January 30th, 2013

Peter G

Family Is Always There

Readers, come and honor heroes among us!

Let's talk for a minute about coming out as gay.

Coming out is probably the hardest thing anyone who is gay will ever do nowadays.

It used to be, when people decided to come out, they were bolstered by the fact that they were making a political statement.  But times have changed, and "We're here, we're queer, get used to it," has pretty much gone by the wayside.

All that's left for people coming out is the exposure.  The vulnerability.  The risk.

People will often come out to others, people they barely know or casual acquaintances, long before they come out to their family and closest friends.  And the question is always, "Why didn't you tell me first?"  Simple:  because coming out to those you care about, that are intertwined in your life, is risky.  People you barely know, if they reject you, you go, "Fuck you, you're an asshole," and you never really have to worry about seeing them again.  Friends and family, though?  If they reject you, your whole life is turned upside down, and you second guess coming out or maybe you should have waited or whatever.

Every story I hear about people coming out, the poor soul is wracked with more fear and intimidation than if they were going to Hell.  Some, it turns out to not be worth the worry -- a friend of mine knew a guy who came out to his family when he was sixteen.  He couldn't think of a way to do it, so he blurted it out at the dinner table in front of his mom, dad, and sister.  Everyone just looked at him and his sister said, "Duh!  We've known for years!"  But there are also times when it's harrowing.  Dan Savage's boyfriend was beaten by his dad and given two broken arms.  And that's just the guys.  My observations suggest that women coming out face far greater ostracism and threats from other women.  And if that boggles your mind after a guy's dad beating him up and breaking his arms, yeah, it can get that bad.

Which brings us to the subject of this piece.  Her name is Laurel, and she goes by the Tumbler handle of ellende-generes.  She was going through what any gay teen does, wondering how exactly to mention this to her parents, how to handle things if the worst case scenario plays out, everything.

So she made a cake.  Pictured below, click through for biggie.


So, what happened?

Mom and dad couldn't wait to support her.  "My dad saw the cake and came into me room and hugged me and laughed.  He said he loved me and the cake and the letter and everything was perfect.  Brb crying."  "My mom saw it and cried of happiness.  We hugged and cried together.  Then, we all ate the cake and talked.  I am very luck (sic -- G) to have such supporting parents and to have so much support from you guys.  Thanks everyone!  Have a gay day!"

It does this spinning ball of dirt and ice I call my heart good to hear a story like this.  Especially when stupid intolerance still exists elsewhere.  Enjoy your life, Laurel.  And to Laurel's parents, thanks for getting it.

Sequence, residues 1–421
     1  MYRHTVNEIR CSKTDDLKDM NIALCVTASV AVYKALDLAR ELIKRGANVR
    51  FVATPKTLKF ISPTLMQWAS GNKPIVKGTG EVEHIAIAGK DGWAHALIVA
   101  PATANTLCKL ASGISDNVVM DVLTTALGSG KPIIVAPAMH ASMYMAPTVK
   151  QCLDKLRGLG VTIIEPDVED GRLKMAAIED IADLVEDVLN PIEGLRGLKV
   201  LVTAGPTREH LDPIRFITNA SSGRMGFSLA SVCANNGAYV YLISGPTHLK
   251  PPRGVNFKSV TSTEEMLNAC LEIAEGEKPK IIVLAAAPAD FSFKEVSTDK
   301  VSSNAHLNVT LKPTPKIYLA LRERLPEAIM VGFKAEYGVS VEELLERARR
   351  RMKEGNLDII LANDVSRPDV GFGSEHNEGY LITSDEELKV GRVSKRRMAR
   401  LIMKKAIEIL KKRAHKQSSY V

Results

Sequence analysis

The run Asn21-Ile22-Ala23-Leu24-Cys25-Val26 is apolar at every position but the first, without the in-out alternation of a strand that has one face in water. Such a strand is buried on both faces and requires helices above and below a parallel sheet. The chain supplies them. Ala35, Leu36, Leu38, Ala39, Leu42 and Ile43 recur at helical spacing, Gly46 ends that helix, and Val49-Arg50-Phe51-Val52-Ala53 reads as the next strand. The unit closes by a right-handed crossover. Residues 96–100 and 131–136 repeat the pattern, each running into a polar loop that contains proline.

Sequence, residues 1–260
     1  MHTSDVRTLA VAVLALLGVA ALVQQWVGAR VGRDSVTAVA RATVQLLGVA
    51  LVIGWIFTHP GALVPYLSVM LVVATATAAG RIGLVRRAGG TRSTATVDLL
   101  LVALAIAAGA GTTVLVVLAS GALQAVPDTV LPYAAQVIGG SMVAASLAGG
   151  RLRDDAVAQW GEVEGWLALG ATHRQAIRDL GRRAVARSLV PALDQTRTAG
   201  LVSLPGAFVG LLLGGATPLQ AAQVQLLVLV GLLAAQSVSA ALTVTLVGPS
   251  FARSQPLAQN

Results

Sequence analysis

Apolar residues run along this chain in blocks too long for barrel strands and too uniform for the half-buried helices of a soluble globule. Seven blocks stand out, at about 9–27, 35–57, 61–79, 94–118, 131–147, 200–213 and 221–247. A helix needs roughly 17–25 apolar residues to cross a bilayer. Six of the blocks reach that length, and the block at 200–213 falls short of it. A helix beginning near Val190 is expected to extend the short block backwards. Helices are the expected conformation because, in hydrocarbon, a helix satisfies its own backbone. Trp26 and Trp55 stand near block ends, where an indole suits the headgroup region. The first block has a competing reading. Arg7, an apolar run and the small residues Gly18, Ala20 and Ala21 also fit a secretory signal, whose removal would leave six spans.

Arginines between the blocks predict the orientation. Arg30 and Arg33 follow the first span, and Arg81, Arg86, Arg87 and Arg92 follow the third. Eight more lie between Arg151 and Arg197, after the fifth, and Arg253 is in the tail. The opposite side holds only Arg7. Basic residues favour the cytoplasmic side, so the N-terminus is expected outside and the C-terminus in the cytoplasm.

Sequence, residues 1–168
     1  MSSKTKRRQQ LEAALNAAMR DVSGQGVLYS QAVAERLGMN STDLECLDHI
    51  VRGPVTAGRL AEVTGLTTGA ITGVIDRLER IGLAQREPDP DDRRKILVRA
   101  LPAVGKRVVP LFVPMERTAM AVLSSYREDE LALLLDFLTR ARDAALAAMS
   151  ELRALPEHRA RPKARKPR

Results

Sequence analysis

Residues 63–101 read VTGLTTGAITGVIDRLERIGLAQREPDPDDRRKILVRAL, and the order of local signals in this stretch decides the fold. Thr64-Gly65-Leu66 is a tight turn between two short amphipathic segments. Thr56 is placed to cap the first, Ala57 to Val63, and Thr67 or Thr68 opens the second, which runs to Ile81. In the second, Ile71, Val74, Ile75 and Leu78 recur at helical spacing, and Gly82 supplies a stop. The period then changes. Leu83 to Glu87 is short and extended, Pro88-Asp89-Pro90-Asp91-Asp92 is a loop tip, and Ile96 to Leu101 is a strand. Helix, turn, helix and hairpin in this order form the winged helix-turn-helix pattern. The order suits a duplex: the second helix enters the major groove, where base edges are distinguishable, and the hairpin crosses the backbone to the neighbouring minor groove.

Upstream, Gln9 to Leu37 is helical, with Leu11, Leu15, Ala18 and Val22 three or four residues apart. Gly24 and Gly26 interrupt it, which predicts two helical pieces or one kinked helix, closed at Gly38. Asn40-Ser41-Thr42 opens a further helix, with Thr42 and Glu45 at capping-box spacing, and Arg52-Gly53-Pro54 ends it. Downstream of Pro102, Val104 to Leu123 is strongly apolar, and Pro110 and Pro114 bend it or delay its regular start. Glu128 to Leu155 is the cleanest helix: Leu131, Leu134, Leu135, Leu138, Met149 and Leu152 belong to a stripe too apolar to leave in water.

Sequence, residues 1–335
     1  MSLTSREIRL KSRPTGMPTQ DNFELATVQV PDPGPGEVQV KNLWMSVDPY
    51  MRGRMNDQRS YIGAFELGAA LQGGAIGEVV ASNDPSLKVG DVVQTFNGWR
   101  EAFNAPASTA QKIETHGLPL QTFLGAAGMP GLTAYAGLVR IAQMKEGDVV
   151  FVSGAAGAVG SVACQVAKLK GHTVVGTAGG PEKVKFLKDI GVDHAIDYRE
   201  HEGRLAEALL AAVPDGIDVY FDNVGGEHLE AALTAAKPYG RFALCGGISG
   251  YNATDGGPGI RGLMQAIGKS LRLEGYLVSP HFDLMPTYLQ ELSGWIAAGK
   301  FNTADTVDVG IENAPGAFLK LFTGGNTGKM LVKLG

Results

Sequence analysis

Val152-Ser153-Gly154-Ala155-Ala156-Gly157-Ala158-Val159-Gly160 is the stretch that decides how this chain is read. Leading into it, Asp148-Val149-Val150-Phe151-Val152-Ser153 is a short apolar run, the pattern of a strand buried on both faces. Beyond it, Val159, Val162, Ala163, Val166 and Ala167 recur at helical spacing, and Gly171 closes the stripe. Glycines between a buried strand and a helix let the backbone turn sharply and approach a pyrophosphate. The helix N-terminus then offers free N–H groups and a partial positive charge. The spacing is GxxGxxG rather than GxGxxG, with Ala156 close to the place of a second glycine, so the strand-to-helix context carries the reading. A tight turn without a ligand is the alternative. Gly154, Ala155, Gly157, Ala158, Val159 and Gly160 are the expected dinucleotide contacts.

Honor these heroes among us.

Redefining The Term "Tight End"

So, we go from a feelgood story about being gay to a story that makes you want to nuke the world into oblivion.

For those that don't know, the Super Bowl is this weekend.  The San Francisco 49ers play the Baltimore Ravens.  Macho manly straight guy action.

So says 49ers cornerback Chris Culliver.

Culliver is an asshole.  A representative Tweet from him came in today -- "Boy I wake up to a mean txt females in general just be -- well let me just say they be on their PERIOD!!#1 love is mom dudes!!! Period"  Anyone who makes fun of me for my occasional typos can just read this genius instead.

So this dude clearly has some machismo issues.  Tuesday was Media Day, where the players talk to the press, pose for pictures, and basically wish they were on a movie junket instead.  Among the people hanging around was shock jock Artie Lange, and he played a segment of the interview that night.  In the clip, Culliver stated that any gay football players would not be welcome on the team.

"I don't do that.  No, we don't got no gay people on the team, they gotta get up out of here if they do."

"Can't be with that sweet stuff.  Nah...can't be...in the locker room man.  Nah."

In response to gay football players remaining closeted, he said, "Yeah, come out 10 years later after that."

If Culliver really thinks there are no gays in football in general and not at least one gay or bi player on the team, then that's a real nice dream world he's living in.

You know, football players are supposed to have brain damage AFTER taking hits.

When Representatives Of God Need A Background Check

There's a Reddit user who works as a waiter in a restaurant.  And on this particular day, he tended to a party of twenty people.

Keep in mind that restaurants will tack on an automatic gratuity for large parties, typically eight or more.  It's on the menus, for Christ's sake.  I see the message at Cracker Barrel and Bob Evans.

This restaurant set the bar at nine, and the gratuity is 18%.  The gratuity is, once again, automatic -- it comes up in the computer, it's not something the waiter adds on.

The waiter posted this picture of one of the receipts, a $34.93 with the $6.29 added on:

Cheapshit Pastor

For those who are having trouble processing this because there is so much wrong, here's the big picture -- this dipshit wrote at the top, "I give God 10%, why do you get 18" before scribbling out the gratuity and writing 0.  And in answer to, "Just who does this asshole think he is, he writes on there that he's a pastor.

Yeah.  Service to God apparently exempts you from service to your fellow man.  Kind of explains a lot, actually.

Anyone that says to me should love and support our brothers in Christ, let's see them love and support others first, then we'll talk.